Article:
SciELO - Scientific Electronic Library Online

 
vol.32 issue2 author indexsubject indexarticles search
Home Pagealphabetic serial listing  

Acta Theologica

Print version ISSN 1015-8758

Acta theol. vol.32 no.2 Bloemfontein Dec. 2012

 

Mercy, love and salvation in orthodox spirituality

 

 

Nicu DumitraŞcu

Ph.D., Professor at the Faculty of Orthodox Theology, "Episcop Dr. Vasile Coman", University of Oradea, Romania. E-mail: nicud_ird@yahoo.com

 

 


ABSTRACT

Mercy was demonstrated in the Hebrew and Greek traditions. The ideal state of Plato's Republic exhibits mercy in a form that contrasts sharply with the Christian concept. The latter does not distinguish between those of different social conditions. In the Jewish tradition, non-observance of mercy was perceived as a transgression against a divine command which could potentially bring divine retribution on the entire community. For the Christians, mercy is not limited to members of one's own community, but includes others, regardless of race, social class or even religion. It is a form of love which is not wasted in temporary and sentimental effusions, but actualised in concrete deeds, with the ultimate example supplied by Christ. Mercy also functions as a medicine against social inequality, serving to suppress the kinds of injustices present in every political system, as well as social solidarity. Mercy is the practical manifestation of interhuman love; it raises man from the image to the likeness of God.

Keywords: Morality; Mercy; Charity; Orthodox Spirituality


Trefwoorde: Moraliteit; Genade; Liefdadigheid; Ortodokse spiritualiteit


 

 

1. HISTORICAL INSIGHT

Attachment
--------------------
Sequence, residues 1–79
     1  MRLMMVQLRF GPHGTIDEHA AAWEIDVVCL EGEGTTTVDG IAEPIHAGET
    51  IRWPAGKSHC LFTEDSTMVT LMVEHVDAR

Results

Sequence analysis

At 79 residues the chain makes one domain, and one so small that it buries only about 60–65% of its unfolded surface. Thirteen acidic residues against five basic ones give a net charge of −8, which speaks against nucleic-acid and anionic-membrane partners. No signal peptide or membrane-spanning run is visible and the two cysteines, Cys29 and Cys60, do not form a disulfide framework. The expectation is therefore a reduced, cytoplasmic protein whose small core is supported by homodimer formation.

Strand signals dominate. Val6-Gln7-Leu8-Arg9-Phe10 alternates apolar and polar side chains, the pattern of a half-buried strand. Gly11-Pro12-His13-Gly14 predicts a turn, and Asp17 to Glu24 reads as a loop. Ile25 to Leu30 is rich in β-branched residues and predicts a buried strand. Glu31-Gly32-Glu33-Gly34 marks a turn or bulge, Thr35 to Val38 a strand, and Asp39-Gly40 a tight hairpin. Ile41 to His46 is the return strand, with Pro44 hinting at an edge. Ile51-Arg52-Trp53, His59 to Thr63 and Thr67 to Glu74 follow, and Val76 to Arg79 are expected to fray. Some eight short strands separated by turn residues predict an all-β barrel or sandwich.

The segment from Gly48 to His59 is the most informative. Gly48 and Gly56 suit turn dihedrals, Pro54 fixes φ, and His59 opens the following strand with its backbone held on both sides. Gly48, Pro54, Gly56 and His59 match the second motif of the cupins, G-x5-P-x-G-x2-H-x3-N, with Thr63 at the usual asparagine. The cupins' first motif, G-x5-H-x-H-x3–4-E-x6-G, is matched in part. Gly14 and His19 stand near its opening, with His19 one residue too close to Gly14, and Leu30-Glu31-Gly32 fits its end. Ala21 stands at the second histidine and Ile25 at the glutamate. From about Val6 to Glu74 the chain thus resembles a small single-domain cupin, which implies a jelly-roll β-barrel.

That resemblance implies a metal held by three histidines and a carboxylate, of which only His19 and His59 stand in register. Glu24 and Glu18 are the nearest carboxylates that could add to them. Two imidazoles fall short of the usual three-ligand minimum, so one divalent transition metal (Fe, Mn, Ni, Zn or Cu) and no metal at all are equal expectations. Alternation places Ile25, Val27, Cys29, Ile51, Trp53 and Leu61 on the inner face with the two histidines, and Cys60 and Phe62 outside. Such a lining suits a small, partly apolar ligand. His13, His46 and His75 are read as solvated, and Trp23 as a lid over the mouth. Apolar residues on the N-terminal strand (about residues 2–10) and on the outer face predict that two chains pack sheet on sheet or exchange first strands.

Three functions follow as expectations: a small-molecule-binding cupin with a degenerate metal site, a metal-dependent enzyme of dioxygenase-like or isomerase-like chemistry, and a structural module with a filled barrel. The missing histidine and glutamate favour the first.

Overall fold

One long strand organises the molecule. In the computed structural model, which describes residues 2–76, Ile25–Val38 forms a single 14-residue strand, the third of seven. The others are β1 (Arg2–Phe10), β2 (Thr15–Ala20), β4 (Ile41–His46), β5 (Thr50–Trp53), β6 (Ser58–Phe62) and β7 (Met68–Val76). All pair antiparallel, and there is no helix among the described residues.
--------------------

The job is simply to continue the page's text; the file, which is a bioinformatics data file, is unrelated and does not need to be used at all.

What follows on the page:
The practice of mercy in the Greek and Hebrew traditions was a positive and conscious principle, but contrasts with the general Christian concept.

For example, like all Greek philosophers, Plato dreamed of an ideal world, only possible in a Republic led by the wise, in which order and equality reign. However, this required the suppression of personal differences, as well as the promotion of a collectivist and egalitarian type of thinking about material goods. Premises of a community society are created, with an advanced but exclusivist interrelated system (Platon 1986:233-263, 347-355). It was a world where the philosopher class - founded upon warriors and purified selfishness through the community of goods, women and children - dominated, subjugated and subjected the lower class people, who had hardly any education, who were poor and without rights. Therefore, although we are talking about a community type of society, of an aristocracy, it is rather an imperfect copy of the Christian world, where there is no social segregation, because it covers all social classes (Coman 1945:41-42).

In Christianity, there is no difference between people of different social backgrounds, between women and men, children and adults, because all are children of the same God, the God of love and mercy, and brothers of faith.

In the Jewish world, mercy is described as a continuous social fact. A tumultuous and tragic history, including frequent replacements of kings, conflicts with the great empires of the time (Egyptians, Assyrians, Babylonians, Persians and Romans), exiles and slavery, brought the people of Israel to a state of considerable poverty. The Royal court and the aristocratic world knew how to protect or increase their fortunes on the back of the many and the weak that paid heavy taxes. The prophets resisted these injustices. They criticised the luxury of the rich, the evil and the contempt for the poor, and called for mercy (Amos 2:4, 3:2, 6:4, 6; Micah 2:2, 3:2). They unanimously condemned the lack of human solidarity, considering that all ills that afflicted their people had one cause, namely a departure from God and an indifference towards their neighbours in suffering (Jeremiah 3; Isaiah 1:4; Amos 5: 21-27, 6: 7-8). They viewed mercy as a divine command which their countrymen did not respect, bringing God's punishment over all of them (Coman 1945:43-44).